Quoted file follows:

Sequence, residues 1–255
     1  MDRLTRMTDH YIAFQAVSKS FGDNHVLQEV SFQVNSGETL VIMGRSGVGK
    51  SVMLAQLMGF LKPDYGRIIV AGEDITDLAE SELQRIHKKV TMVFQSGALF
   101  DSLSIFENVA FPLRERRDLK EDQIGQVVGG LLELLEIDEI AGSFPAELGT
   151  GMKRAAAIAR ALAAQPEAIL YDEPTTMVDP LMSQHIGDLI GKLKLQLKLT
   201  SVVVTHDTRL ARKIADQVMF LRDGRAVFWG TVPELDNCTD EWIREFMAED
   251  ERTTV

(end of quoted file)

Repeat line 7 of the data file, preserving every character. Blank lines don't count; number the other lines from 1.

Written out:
   251  ERTTV